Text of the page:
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Thread: My greenhouses at work

  1. #57
    Keith's Avatar
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    Is that a sick, massive begonia in the middle left?
    Quote Originally Posted by theplantman View Post
    My Grow/Want Lists
    -The horticulturalist formerly known as Shortbus-

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    theplantman's Avatar
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    Quote Originally Posted by Shortbus View Post
    Is that a sick, massive begonia in the middle left?
    Yes. We have quite a begonia collection. I've taken a lazy approach with them so I'd never have to repot. I concocted a long-lasting soil and planted them in large clay pots.

    Then I grew them into monsters. I like the collection to look at natural as possible, so I try to cover up all the glass and aluminum and benches with foliage and hanging baskets wherever I can. The begonias are particularly excellent at creating a backdrop for other, smaller plants.





    Plumbago

    Was hanging from a rafter, camera in one hand, to take this overview shot. Entrance to the room is to the right, and research to the left. We have 8 greenhouses in total... 90% research, 10% cool plants for teaching.

    Black-eyed Susan Vine

    Tillandsia duratii

    Crappy shot, but another T. duratii about to flower.

    Cape Primrose, Gesneriaceae

    Tubby wubby wittle ant plants

    Aeschynanthus speciosus, perhaps my favorite gesneriad



    Clerodendrum ugandense, Blue Butterfly Flower

    This is the ancestral form of rubra from Taylor Co., GA. Very cool plant from a very cool friend.

    Crappy shot of my Stylidium debile carpet

    psittacina from Baldwin Co., AL, among the big stretching leucophylla fields

    filiformis, Florida Red

    The land where babies grow

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    Whimgrinder's Avatar
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    "Tubby wubby" is in fact the correct Latin terminology describing stout, trunk-like appendages.

  4. #60
    For the love of Science! Dragoness's Avatar
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    Does the cape primrose go by any other names? I have a similar (or maybe identical) looking plant known as "Flying Violet" or Streptocarpella.
    Jen- My Grow List: http://www.terraforums.com/forums/sh...00#post1154900
    "Teaching a child not to step on a caterpillar is as valuable to the child as it is to the caterpillar."
    -Bradley Miller-

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    Quote Originally Posted by Whimgrinder View Post
    "Tubby wubby" is in fact the correct Latin terminology describing stout, trunk-like appendages.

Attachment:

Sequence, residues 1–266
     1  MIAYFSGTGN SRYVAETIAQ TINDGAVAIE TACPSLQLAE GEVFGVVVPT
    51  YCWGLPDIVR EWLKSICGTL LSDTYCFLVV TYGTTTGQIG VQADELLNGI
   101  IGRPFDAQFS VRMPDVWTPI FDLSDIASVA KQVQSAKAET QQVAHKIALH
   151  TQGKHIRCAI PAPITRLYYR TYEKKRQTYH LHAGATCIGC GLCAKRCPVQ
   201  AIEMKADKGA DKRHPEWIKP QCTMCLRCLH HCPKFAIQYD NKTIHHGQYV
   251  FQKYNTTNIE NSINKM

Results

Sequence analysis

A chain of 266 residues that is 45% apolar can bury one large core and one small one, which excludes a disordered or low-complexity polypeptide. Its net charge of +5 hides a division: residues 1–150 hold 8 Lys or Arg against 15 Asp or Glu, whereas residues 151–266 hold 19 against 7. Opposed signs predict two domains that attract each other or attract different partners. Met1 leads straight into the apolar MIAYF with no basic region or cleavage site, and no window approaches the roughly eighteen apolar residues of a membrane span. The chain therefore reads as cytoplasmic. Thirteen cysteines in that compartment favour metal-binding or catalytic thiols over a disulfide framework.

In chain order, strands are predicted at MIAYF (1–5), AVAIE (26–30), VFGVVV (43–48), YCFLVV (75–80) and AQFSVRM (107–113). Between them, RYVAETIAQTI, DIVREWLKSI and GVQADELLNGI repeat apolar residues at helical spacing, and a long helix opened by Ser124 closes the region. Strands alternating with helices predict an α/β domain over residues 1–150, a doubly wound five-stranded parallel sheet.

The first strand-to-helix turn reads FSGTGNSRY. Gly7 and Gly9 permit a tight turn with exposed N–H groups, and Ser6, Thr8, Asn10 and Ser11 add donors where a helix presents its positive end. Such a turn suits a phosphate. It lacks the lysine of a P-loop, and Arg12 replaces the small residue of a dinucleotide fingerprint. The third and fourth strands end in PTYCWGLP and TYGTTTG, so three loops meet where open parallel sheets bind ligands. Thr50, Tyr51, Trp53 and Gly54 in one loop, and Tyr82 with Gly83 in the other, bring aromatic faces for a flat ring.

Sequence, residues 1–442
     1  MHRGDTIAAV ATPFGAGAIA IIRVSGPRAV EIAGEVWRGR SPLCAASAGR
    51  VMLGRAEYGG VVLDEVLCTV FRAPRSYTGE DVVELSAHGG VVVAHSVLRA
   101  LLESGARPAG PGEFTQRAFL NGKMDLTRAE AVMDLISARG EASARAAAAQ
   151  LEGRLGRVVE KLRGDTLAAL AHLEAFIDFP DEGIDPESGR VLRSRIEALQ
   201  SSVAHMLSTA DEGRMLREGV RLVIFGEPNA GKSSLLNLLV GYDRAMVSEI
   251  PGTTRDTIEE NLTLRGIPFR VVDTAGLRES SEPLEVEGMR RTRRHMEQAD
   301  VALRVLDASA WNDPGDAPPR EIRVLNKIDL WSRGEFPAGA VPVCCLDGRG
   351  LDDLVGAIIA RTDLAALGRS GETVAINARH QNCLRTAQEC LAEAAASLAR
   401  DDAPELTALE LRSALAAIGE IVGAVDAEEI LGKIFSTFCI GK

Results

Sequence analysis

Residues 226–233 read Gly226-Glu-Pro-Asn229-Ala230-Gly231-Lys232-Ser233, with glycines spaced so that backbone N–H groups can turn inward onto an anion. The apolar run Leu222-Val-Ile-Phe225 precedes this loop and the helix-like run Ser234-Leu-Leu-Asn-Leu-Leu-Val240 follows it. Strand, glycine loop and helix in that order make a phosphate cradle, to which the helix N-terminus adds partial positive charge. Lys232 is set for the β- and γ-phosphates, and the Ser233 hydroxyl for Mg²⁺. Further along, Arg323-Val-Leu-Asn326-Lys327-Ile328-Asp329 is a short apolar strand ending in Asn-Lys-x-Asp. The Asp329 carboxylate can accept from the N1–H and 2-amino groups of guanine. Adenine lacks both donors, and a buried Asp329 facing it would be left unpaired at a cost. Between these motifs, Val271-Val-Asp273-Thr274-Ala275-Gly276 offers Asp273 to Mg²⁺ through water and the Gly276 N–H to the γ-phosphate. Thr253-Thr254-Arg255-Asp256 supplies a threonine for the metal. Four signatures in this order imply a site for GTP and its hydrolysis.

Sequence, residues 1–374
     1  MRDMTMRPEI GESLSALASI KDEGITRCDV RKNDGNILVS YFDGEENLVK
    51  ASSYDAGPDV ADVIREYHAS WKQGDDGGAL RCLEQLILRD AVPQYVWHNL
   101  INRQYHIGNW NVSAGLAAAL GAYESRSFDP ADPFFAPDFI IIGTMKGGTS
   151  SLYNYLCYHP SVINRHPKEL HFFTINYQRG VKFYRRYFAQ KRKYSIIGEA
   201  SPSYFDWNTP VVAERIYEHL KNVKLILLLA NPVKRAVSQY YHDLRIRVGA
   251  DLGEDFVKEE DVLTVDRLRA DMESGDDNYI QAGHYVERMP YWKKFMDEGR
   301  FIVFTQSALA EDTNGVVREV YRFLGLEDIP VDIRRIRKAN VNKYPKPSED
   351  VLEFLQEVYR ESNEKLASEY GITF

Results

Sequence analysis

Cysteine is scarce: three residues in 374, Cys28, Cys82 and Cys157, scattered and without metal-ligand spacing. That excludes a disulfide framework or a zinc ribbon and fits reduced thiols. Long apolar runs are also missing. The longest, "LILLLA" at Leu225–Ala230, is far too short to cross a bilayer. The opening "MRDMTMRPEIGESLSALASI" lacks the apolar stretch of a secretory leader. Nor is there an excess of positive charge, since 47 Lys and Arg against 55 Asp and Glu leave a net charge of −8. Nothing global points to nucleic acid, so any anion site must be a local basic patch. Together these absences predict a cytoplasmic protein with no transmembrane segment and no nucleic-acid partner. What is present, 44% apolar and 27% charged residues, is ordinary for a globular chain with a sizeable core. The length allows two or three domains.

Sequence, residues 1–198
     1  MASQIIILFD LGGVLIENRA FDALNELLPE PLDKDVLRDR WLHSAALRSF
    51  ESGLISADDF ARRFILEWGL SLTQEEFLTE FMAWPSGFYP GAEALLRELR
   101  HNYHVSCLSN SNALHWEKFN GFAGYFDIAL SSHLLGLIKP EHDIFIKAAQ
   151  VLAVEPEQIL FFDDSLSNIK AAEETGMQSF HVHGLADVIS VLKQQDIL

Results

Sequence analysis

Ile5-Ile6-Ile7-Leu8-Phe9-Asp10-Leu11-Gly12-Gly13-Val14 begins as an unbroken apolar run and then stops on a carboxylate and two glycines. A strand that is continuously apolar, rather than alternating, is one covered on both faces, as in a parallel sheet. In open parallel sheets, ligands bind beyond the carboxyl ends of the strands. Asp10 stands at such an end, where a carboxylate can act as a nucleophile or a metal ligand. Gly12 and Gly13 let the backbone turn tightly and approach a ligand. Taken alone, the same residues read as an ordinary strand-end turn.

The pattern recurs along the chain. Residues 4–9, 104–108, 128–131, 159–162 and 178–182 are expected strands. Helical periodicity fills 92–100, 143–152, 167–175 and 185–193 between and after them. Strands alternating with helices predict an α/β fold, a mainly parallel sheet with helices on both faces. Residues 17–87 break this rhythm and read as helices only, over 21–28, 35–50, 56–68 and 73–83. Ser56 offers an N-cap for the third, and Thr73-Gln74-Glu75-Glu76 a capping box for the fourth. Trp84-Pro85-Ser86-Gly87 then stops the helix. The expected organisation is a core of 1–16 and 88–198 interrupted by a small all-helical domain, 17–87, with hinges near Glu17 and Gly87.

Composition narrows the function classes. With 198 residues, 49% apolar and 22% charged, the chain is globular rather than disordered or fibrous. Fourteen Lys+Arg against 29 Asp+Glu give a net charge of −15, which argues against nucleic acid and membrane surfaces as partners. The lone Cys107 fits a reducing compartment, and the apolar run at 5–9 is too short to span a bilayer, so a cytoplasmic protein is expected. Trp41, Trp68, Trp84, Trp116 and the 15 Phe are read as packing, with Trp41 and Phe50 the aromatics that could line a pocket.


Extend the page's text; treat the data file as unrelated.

It's all 'bout botanical correctitudinality.
    Quote Originally Posted by Dragoness View Post
    Does the cape primrose go by any other names? I have a similar (or maybe identical) looking plant known as "Flying Violet" or Streptocarpella.
    I've heard Monkey Face flower, or just the latin name (Streptocarpus). Or simply, since we're being botanically correct here, "that pretty purple thingie in the hanging basket"

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    monkey_Cup's Avatar
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    The H. minor picture links, are most impressive. To see pictures of peoples heli's in pots and then to see that thing growing with out restrictions or in a box is just awesome. I have always wanted to try one, but no matter what do think i could ever achive that in my house, lol. thanks for sharing

  7. #63
    theplantman's Avatar
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    The stuff that supports all of the fun plants is biological research, mostly with the intent of understanding genetics or improving crop plants. Every room within each greenhouse of the complex houses a unique project. At times I handle up to a couple dozen professors' projects simultaneously.

    It doesn't look quite as spectacular as CPs. Case in point is corn:

    While they're just green and monotonous, they are worth several million dollars.

    Sunflowers being subjected to an array of simultaneous stresses including drought, salt, heavy metals, herbivory, and frost. I am probably one of very few people in the country to have seen firsthand what lead, arsenic, and cadmium toxicity look like.


    Morning glories being used to understand how different genders evolved in plants:

  8. #64
    For the love of Science! Dragoness's Avatar
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    Quote Originally Posted by theplantman View Post
    I've heard Monkey Face flower, or just the latin name (Streptocarpus). Or simply, since we're being botanically correct here, "that pretty purple thingie in the hanging basket"
    Thanks! It sounds like if they aren't the same flower, they are closely related. They sell it at garden centers here as an annual.
    Jen- My Grow List: http://www.terraforums.com/forums/sh...00#post1154900
    "Teaching a child not to step on a caterpillar is as valuable to the child as it is to the caterpillar."
    -Bradley Miller-

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